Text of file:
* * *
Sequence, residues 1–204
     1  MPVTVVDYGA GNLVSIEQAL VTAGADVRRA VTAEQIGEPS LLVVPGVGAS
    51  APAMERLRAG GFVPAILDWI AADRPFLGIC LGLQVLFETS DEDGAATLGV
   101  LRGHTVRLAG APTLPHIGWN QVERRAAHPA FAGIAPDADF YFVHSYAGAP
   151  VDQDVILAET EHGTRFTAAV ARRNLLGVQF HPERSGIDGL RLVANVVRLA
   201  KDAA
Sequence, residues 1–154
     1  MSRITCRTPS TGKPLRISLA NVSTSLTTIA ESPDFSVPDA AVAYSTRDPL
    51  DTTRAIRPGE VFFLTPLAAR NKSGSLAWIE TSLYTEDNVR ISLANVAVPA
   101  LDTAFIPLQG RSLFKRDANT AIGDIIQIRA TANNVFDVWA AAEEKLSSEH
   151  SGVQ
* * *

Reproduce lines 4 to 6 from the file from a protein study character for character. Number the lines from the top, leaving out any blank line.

   101  LRGHTVRLAG APTLPHIGWN QVERRAAHPA FAGIAPDADF YFVHSYAGAP
   151  VDQDVILAET EHGTRFTAAV ARRNLLGVQF HPERSGIDGL RLVANVVRLA
   201  KDAA